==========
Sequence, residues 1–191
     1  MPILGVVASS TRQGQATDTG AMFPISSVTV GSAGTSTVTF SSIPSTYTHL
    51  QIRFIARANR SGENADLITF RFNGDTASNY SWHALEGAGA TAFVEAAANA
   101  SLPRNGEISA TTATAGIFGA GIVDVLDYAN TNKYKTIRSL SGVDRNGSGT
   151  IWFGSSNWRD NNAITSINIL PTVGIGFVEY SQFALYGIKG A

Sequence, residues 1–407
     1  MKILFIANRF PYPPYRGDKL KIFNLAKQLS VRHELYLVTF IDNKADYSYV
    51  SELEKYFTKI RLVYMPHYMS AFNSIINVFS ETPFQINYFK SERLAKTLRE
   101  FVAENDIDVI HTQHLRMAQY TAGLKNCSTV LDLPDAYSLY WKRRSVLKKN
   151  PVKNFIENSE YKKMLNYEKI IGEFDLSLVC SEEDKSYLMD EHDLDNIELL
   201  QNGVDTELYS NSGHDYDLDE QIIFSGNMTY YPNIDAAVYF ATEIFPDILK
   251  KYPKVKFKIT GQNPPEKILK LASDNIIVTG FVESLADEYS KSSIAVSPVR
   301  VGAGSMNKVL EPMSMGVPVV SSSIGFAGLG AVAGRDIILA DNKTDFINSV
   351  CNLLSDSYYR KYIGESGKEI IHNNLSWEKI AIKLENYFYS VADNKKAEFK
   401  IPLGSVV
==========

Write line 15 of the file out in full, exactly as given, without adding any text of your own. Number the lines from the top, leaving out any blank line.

   401  IPLGSVV